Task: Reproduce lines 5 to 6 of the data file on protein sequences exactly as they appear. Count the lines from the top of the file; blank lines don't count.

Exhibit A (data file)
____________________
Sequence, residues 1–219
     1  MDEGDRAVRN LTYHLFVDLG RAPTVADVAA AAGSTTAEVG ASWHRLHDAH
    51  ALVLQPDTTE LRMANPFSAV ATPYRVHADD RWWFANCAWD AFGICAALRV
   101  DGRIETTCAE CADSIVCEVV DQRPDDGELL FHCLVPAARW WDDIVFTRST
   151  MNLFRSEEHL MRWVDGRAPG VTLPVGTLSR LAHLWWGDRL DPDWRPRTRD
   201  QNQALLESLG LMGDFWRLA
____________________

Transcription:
   151  MNLFRSEEHL MRWVDGRAPG VTLPVGTLSR LAHLWWGDRL DPDWRPRTRD
   201  QNQALLESLG LMGDFWRLA